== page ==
Sentence Examples with the word cranberry

Among indigenous fruitbearing trees, shrubs, vines and plants are the plum, cherry, grape, blackberry, raspberry, cranberry and strawberry.

Among the fruitbearing trees, shrubs, vines and plants the grape, the blue-berry, the cherry, the plum and the cranberry are indigenous and more or less common.

In the south-central part of the state there are valuable cranberry marshes.

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Rather let it be named from the fishes that swim in it, the wild fowl or quadrupeds which frequent it, the wild flowers which grow by its shores, or some wild man or child the thread of whose history is interwoven with its own; not from him who could show no title to it but the deed which a like-minded neighbor or legislature gave him--him who thought only of its money value; whose presence perchance cursed all the shores; who exhausted the land around it, and would fain have exhausted the waters within it; who regretted only that it was not English hay or cranberry meadow--there was nothing to redeem it, forsooth, in his eyes--and would have drained and sold it for the mud at its bottom.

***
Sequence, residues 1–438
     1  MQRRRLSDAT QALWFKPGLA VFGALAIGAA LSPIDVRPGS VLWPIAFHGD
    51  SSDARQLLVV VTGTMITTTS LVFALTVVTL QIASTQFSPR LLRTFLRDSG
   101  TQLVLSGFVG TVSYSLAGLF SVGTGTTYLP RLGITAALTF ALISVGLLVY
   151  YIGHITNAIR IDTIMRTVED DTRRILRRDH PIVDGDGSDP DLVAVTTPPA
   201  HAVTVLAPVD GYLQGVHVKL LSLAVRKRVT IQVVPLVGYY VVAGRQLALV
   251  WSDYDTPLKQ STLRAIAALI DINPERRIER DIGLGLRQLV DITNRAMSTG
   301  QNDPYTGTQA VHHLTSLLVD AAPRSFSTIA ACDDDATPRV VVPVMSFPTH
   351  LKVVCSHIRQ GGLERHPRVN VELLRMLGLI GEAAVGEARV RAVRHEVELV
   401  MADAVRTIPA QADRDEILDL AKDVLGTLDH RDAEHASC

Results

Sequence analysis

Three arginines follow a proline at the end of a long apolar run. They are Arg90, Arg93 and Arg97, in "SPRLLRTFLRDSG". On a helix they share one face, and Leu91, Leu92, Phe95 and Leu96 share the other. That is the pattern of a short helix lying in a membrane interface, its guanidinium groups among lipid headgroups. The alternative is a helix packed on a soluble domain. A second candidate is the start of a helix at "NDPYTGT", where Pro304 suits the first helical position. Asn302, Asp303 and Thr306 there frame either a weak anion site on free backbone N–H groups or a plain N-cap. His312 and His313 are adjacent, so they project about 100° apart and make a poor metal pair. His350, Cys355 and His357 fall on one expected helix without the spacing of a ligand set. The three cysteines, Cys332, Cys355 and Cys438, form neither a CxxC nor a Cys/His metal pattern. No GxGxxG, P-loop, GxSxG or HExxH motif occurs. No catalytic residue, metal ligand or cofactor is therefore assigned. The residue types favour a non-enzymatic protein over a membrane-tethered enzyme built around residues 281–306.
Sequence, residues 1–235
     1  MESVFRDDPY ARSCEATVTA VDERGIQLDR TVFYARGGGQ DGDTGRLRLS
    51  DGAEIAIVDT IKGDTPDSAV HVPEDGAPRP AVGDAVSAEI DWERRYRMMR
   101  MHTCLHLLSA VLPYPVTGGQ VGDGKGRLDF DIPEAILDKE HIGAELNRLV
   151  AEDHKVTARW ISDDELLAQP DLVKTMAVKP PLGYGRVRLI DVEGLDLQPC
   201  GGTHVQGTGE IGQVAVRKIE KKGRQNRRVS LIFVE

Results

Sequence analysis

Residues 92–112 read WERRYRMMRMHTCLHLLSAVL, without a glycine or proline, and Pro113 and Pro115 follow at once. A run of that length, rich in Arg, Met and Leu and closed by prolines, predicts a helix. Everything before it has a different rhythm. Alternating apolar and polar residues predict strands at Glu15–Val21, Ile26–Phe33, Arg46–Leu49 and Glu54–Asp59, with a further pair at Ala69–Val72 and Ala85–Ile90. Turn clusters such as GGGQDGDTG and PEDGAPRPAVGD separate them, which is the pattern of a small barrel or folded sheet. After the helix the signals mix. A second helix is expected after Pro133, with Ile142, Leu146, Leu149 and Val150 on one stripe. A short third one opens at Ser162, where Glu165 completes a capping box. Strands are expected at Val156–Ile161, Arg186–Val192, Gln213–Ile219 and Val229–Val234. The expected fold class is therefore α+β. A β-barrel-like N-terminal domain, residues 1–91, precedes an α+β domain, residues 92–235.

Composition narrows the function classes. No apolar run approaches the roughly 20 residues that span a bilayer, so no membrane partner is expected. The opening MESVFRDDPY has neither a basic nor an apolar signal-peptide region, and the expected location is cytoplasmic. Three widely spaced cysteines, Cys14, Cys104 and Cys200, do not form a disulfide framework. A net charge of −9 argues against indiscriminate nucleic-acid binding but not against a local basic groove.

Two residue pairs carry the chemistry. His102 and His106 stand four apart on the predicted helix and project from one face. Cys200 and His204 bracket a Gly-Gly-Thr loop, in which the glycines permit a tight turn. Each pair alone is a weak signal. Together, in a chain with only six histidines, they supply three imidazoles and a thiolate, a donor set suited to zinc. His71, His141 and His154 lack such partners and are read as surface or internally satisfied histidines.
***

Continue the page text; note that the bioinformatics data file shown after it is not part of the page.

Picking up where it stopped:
Martha wants me to have the antiques we searched for together all the cranberry glass, the Hobstar crystal, even the Tiffany lamp she so cherished.

Along the streams in this section are many swamps, valuable for the white cedar that they produce, or when cleared, for cranberry bogs.

All the Indian huckleberry hills are stripped, all the cranberry meadows are raked into the city.

In the swamps and bogs of the south-east coast cranberry culture is practised, this district producing in 1900 three-fifths of the entire yield of the United States.

Cynthia was already at the kitchen table, amid sweet smelling scents of the morning fare of fresh cranberry scones, the ubiquitous notebook and a scattering of paper spread before her.

In 1899 New Jersey produced nearly a fourth of the cranberry crop of the United States, the chief centre of production being the bogs of Burlington and Ocean counties.